Culture at Woolworths, Wesfarmers needs new undercoat

    What has been the number one problem for big corporations - as well as smaller businesses - in the 21st Century?

    It has not been the various financial crises, regulation, too much or too little competition, the rise of formerly third-world countries as manufacturing powerhouses, technological change, or even straight out plain mis-management.

    No. The number one problem has been culture, corporate culture, and the way in which it prevents companies from making the changes they need to make.

    Being able to shift corporate culture swiftly can be crucial to survival.

    When Apple released its first iPhone, Google and Samsung set about doing the only sensible thing imaginable: copying it. Microsoft's Steve Ballmer laughed at it. Nokia ignored it. Blackberry first ridiculed it, then made very bad "interpretations" of it.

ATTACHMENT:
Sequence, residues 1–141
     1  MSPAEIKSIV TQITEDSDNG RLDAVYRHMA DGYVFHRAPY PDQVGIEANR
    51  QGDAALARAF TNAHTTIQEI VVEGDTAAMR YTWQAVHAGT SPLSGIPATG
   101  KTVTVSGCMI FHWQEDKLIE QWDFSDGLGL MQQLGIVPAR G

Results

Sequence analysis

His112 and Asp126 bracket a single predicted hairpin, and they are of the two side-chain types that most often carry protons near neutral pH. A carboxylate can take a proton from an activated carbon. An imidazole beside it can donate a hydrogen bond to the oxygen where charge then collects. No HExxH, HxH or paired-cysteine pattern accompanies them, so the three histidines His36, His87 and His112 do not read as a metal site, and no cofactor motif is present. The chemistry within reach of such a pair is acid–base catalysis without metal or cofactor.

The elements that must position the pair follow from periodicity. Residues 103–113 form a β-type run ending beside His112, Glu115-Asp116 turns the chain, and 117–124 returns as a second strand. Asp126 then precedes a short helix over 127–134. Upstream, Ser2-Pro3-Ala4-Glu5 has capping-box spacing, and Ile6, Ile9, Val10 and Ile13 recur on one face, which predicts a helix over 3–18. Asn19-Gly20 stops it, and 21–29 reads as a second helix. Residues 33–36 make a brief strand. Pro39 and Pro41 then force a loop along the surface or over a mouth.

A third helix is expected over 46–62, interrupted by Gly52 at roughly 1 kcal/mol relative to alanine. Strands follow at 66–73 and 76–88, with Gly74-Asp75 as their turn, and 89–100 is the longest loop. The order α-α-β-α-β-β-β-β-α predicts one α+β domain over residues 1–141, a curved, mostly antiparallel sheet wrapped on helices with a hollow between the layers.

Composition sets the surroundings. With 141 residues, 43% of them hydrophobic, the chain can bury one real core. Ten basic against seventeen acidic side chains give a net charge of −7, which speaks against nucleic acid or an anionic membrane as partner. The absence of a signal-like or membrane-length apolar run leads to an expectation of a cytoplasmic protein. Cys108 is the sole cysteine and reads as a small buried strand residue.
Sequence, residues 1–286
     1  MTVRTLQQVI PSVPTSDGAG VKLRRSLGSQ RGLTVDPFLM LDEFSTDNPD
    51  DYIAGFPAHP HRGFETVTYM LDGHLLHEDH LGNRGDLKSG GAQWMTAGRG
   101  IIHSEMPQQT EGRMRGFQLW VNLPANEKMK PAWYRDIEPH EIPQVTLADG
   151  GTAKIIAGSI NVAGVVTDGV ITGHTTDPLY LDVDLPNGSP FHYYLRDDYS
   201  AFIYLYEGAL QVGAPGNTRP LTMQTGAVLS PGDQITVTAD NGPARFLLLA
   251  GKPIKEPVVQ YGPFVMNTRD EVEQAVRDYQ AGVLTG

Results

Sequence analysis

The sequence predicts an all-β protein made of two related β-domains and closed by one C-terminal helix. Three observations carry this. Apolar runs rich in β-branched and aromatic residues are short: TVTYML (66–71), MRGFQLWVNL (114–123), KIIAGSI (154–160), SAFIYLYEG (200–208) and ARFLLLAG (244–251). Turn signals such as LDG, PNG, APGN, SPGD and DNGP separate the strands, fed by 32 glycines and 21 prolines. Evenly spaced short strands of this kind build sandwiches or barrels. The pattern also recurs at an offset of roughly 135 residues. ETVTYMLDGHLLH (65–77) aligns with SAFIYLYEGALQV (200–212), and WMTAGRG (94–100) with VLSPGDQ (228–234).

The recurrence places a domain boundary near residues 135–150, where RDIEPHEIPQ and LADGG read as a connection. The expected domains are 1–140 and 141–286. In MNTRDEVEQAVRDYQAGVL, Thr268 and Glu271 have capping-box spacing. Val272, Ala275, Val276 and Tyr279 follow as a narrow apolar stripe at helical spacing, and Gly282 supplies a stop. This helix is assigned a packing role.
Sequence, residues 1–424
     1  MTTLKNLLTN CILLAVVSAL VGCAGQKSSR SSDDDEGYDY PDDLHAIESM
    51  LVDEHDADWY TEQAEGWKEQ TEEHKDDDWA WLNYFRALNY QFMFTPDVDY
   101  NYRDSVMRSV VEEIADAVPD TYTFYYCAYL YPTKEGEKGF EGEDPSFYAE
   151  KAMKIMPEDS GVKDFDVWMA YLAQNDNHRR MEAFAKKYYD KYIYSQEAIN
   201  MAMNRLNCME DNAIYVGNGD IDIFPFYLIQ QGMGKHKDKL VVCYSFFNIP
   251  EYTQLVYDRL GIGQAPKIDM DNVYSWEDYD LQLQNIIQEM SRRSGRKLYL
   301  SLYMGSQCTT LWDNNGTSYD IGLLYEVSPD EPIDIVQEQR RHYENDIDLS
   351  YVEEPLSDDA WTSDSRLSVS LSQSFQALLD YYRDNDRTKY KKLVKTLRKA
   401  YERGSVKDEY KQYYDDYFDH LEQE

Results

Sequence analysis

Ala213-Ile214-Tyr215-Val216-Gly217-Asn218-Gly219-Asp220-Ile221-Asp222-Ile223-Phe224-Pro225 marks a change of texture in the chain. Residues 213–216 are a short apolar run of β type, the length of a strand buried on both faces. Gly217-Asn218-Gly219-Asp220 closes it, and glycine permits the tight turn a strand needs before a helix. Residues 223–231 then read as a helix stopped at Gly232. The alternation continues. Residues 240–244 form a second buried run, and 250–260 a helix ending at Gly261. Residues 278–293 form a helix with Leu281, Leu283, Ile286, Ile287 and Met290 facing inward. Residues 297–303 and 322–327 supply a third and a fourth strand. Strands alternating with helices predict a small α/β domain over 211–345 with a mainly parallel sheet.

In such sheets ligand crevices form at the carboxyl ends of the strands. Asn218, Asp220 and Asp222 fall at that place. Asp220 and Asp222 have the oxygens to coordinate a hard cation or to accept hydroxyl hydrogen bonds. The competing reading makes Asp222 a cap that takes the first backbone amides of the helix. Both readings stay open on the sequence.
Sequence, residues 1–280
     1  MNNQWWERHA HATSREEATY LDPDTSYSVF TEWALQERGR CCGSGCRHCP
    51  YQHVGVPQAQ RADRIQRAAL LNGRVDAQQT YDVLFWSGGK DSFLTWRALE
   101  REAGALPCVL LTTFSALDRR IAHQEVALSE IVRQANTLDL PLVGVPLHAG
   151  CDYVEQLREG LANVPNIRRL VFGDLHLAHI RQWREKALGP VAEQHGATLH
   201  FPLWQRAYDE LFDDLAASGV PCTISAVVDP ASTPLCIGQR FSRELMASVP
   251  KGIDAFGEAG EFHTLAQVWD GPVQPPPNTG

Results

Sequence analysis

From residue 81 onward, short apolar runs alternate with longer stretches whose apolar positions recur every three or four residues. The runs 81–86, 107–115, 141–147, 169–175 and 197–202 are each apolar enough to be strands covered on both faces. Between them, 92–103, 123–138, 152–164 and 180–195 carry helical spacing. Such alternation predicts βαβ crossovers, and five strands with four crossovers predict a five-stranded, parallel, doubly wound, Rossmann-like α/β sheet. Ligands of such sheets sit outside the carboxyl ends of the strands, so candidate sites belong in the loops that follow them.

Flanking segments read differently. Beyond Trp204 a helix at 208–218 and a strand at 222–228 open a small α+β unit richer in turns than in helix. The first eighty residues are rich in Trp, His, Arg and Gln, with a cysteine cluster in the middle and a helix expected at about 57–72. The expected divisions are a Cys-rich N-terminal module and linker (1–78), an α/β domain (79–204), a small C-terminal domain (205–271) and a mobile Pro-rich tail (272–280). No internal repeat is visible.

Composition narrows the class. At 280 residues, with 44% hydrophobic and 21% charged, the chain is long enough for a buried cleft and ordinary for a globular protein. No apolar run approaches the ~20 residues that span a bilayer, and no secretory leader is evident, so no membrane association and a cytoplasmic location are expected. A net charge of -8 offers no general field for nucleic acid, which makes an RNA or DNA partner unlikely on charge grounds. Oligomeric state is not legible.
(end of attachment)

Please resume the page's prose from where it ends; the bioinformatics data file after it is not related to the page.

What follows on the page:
All three of the latter companies subsequently began to fail. They maintained cultures that simply could not adapt to the entry of a new, significant competitor.

    Over the past year, something of the downside of rigid corporate culture has been evident at the two companies that are now the biggest paired influence on the Australian home improvement retail industry: Woolworths and Wesfarmers.

    The culture lag we're seeing at several Australian companies relates directly to what is typically termed "transparency": how much of the internal numbers and plans of an organisation are surfaced for public consumption.

    The Woolworths misstatement

    The first place where we saw issues of transparency emerge was in the difficulties Woolworths experienced reporting the performance of its Masters Home Improvement business through 2013/14. As the Masters' numbers continued to veer downwards from the optimistic predictions of some years before, Woolworths' management came under increasing pressure.